Monday, September 22, 2003

September 22, 2003

Everybody is migrating or has already left. The white wings disappeared without my noticing, and the hummer population is definitely dwindling. The black chins seem to be gone, too, but a very small bird that has been feeding frequently at my office window feeder is possibly an immature black chin. He wags his tail when he feeds, and has a very faint circle around his throat. I can almost make out purplish.feathers in that band. There’s a broad bill who is so fat--presumably preparing to move on--that he looks like a blue and green feathered ping pong ball.

The activity around the seed feeder has also diminished--I am seeing far fewer cardinals of any age or sex. This may be because of the feeder itself. The only birds that ever mastered it were the finch and the genius young male cardinal. I left it open for a while, but the finch just perched up there and pulled out seed after seed, tossing them on the ground till he found one he liked. He would have emptied the whole thing several times a day if I let him. So I closed it, and now it can only be opened by cardinals (it works on a balance, so only birds of a certain weight can cause the door to open). Unfortunately, only Genius Boy ever figured it out--and he has gotten very good at it. First he hops onto the perch, facing to the right. Then he reverses position, facing left, and sticks his head way inside the opening. When he has a seed, he hops on top of the feeder to open and eat it. Then back to the perch, to repeat the whole operation. It actually looks kind of difficult, but he of all cardinals can have sunflower seeds now at any time of the day, no matter what the weather, with no competition.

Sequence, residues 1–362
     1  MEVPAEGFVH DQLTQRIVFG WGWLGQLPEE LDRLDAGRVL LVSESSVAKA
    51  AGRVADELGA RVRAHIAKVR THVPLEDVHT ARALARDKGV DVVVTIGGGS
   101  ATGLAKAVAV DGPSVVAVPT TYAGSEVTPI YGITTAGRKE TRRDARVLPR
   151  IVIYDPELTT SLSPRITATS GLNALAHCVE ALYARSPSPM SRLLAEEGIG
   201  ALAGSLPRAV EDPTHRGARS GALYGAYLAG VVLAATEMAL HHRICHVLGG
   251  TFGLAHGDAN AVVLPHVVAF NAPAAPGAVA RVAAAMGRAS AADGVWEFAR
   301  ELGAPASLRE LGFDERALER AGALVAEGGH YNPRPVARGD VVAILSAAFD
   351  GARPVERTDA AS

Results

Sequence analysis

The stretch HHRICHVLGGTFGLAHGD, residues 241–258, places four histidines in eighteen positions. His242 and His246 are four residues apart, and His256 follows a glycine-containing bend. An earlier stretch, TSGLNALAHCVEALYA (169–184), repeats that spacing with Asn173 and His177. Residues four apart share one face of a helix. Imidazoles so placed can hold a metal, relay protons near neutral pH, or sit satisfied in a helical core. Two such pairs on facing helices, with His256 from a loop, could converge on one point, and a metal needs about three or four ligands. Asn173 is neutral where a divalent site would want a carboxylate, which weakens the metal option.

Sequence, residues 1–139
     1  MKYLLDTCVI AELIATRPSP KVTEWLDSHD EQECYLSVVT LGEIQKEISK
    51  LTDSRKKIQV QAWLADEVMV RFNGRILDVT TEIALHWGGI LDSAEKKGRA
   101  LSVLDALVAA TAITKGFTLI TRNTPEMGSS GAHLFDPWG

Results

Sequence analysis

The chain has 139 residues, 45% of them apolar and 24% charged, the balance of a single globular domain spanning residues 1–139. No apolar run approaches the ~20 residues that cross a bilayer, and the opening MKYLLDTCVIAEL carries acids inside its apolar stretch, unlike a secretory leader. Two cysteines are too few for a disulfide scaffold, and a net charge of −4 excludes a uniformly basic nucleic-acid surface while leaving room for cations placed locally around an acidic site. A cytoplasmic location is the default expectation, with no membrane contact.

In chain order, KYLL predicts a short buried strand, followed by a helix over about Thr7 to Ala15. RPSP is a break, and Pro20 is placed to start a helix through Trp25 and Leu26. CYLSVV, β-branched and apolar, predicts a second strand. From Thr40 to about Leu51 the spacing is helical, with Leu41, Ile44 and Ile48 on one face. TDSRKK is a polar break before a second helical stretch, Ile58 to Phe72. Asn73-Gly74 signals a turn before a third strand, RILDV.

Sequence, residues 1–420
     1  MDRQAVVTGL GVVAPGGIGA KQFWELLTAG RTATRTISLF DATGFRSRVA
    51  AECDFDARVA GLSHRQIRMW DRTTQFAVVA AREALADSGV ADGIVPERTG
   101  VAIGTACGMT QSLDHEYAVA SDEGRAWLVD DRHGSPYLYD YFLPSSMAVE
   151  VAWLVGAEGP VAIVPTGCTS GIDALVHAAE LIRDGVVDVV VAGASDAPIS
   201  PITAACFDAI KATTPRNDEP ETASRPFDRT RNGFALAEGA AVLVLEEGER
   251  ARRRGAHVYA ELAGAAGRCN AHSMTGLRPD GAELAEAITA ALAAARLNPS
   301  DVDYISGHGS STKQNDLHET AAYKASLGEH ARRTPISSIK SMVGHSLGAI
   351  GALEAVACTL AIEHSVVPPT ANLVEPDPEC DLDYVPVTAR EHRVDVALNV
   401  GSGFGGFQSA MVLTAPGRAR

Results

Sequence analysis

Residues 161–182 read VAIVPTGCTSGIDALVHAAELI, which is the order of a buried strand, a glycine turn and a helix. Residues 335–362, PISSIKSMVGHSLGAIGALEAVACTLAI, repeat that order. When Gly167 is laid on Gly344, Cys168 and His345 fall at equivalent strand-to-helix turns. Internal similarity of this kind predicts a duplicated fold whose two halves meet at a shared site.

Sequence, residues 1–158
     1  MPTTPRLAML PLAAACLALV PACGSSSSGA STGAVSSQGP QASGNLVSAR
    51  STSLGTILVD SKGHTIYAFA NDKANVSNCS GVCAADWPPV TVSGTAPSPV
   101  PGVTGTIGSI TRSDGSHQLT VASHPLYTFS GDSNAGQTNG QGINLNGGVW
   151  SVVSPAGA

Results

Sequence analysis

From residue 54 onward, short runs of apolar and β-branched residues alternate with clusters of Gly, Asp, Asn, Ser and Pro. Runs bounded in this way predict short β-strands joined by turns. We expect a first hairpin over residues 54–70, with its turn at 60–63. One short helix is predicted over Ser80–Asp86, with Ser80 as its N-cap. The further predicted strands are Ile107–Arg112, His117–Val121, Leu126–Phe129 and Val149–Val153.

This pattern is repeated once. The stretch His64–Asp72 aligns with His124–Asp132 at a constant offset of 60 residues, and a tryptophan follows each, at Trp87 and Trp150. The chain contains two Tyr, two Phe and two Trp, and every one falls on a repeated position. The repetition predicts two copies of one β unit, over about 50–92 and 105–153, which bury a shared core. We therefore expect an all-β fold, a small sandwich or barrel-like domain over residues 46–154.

When I go outside now to throw a few seeds on the ground for the less intelligent birds, I can always see that Genius Boy has been there, by the sunflower shells on top of the feeder.

Tuesday, September 09, 2003

September 9, 2003
Well, I had to lower the feeder to a couple of inches above the big flower pot I feed seeds in. Then I had to tape it open. A finch caught on very quickly, and even learned to use the perch. Then a woodpecker learned it, though didn’t get on the perch. The cardinals just kept looking around for seeds, occasionally pecking on the clear plastic sides of the feeder.

Finally, one of the young male cardinals put two and two together and figured it out. He has even learned to hop on the perch when the thing isn’t taped open. So far he’s the only one, though, and the finch seems very disappointed that his former trick no longer works.

Two male cardinals, including (I think) the young genius who knows how to use the feeder, have been traveling together. One is a full adult, the other still sort of splotchy and with his bill just starting to lighten. The weird thing is that the young one constantly begs to be fed when in the company of the adult, even using the baby whistling-teakettle whine. The even weirder thing is that the adult sometimes feeds him, and never drives him away. What an indulgent papa, and what a lucky young bird!